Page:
7 Questions to Ask If Your Second Opinion Is Different Than Your First

September 19, 2017 in Second Opinion  •  By Miles Varn
elective surgery

If you’ve been diagnosed with a serious, complex, or rare condition or if your doctor has recommended elective (non-emergency) surgery, it’s a good idea to get a second opinion. There are several ways that a second opinion can help you make an informed medical decision:

  • It can confirm that your original diagnosis and treatment plan recommendation are correct.
  • It can provide additional treatment options your first physician might not have mentioned, for example physical therapy for back pain or a minimally invasive surgical approach for gall bladder removal.
  • It can change your diagnosis and/or treatment plan.

In fact, a recent study by researchers at the Mayo Clinic found that in 66% of the cases studied, the second opinion helped better define or refine the original diagnosis and in 21% of the cases, the second opinion resulted in final diagnoses that were significantly different than the original diagnoses.

If the second opinion confirms the first, then you can proceed with treatment with more peace of mind. But what if the second opinion differs from the first, giving you either a different diagnosis or treatment recommendation? What should your next steps be?

Start By Asking These 7 Questions

If your second opinion differs from the first, you’ll need to gather more information to make a decision about what you should do next. Talk with both the physician who provided the original diagnosis and treatment plan and the one who provided the second opinion and ask these questions:

  1. What clinical guidelines or evidence-based research supports your diagnosis and/or treatment plan?
  2. Is there another diagnosis that could also fit my symptoms and the results of my diagnostic testing?
  3. Is there additional testing that could clarify my diagnosis?
  4. The other physician I saw diagnosed this condition and/or recommended this treatment. Why do you think that’s not the correct diagnosis or treatment?
  5. What are the pros and cons and potential side effects and complications of the treatment you recommend?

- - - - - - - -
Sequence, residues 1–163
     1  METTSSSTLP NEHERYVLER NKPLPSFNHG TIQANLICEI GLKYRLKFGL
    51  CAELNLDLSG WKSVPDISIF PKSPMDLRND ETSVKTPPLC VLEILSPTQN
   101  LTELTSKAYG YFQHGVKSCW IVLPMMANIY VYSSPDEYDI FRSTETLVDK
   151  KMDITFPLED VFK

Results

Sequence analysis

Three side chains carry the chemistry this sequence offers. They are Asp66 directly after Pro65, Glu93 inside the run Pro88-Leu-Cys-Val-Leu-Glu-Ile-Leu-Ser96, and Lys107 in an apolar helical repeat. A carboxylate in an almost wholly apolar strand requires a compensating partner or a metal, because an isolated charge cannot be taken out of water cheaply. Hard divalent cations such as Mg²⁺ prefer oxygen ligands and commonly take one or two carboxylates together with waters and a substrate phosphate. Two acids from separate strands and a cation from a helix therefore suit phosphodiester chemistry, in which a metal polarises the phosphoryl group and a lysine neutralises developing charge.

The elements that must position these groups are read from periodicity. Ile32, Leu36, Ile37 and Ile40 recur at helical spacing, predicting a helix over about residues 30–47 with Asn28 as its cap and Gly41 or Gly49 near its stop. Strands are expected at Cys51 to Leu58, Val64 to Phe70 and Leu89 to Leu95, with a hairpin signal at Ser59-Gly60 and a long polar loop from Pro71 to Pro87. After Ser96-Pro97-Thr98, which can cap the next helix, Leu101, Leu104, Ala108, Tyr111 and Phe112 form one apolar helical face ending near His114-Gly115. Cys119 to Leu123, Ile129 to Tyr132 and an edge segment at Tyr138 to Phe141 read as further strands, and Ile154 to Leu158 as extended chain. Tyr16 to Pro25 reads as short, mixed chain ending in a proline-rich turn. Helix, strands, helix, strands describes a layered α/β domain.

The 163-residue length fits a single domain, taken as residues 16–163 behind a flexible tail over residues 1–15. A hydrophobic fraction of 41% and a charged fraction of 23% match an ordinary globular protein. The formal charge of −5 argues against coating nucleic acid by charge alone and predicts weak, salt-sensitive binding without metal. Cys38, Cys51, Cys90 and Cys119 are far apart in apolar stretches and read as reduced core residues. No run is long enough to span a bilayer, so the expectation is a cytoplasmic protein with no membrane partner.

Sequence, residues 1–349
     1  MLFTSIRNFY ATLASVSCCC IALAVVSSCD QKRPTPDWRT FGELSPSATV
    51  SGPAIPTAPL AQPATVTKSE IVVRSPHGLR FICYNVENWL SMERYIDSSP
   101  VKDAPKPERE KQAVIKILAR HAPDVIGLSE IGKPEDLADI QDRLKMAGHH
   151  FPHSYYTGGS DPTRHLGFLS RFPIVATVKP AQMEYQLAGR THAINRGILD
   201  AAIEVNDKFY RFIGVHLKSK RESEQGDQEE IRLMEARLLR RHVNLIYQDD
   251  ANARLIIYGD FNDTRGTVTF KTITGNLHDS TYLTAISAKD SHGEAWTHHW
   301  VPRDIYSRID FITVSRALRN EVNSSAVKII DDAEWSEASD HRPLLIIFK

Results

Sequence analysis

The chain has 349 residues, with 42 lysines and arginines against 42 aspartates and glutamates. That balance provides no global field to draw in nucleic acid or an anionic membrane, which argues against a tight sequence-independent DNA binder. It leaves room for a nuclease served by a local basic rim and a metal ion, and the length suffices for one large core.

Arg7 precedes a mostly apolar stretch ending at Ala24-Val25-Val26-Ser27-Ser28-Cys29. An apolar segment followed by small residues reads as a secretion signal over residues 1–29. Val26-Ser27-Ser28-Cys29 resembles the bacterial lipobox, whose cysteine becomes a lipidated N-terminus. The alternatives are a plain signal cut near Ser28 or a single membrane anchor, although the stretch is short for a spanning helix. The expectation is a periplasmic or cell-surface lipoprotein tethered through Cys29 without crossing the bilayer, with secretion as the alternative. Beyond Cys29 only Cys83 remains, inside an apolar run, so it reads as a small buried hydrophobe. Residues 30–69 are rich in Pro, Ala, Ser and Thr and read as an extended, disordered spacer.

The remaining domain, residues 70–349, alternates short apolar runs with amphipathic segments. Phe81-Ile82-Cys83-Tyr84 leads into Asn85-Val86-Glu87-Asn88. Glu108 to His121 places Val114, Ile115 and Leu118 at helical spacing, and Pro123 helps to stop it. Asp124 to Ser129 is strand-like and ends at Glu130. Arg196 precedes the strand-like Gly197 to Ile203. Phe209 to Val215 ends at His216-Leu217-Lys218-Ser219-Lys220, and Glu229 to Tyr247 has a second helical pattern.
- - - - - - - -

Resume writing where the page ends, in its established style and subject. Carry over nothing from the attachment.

6. How often do you treat patients with this condition?
  7. What are your success and complication rates for this treatment for someone with my diagnosis who is in similar overall health?

If possible, it can be helpful to get both physicians to consult with each other. After discussing their findings and recommendations, they may come to a consensus on diagnosis and treatment. If the first and second opinions vary a great deal, you may want to seek a third opinion.

It may also be helpful to get an opinion from a physician who provides a different type of treatment. For example, if your first opinion was from a surgeon, consider getting a second opinion from a non-surgical specialist to ensure you’re aware of the complete spectrum of options. A health advisor can be another valuable resource as you work to make a decision. An advisor can connect you with expert specialists, arrange in-person and virtual second opinions, provide you with the latest evidence-based information on treatments, and coordinate the sharing of information, such as test results and medical history, and communication between all the physicians involved in your care.

If you received differing medical opinions for your condition and need a personal health advisor to help you through the healthcare system, contact us and we will take care of you.



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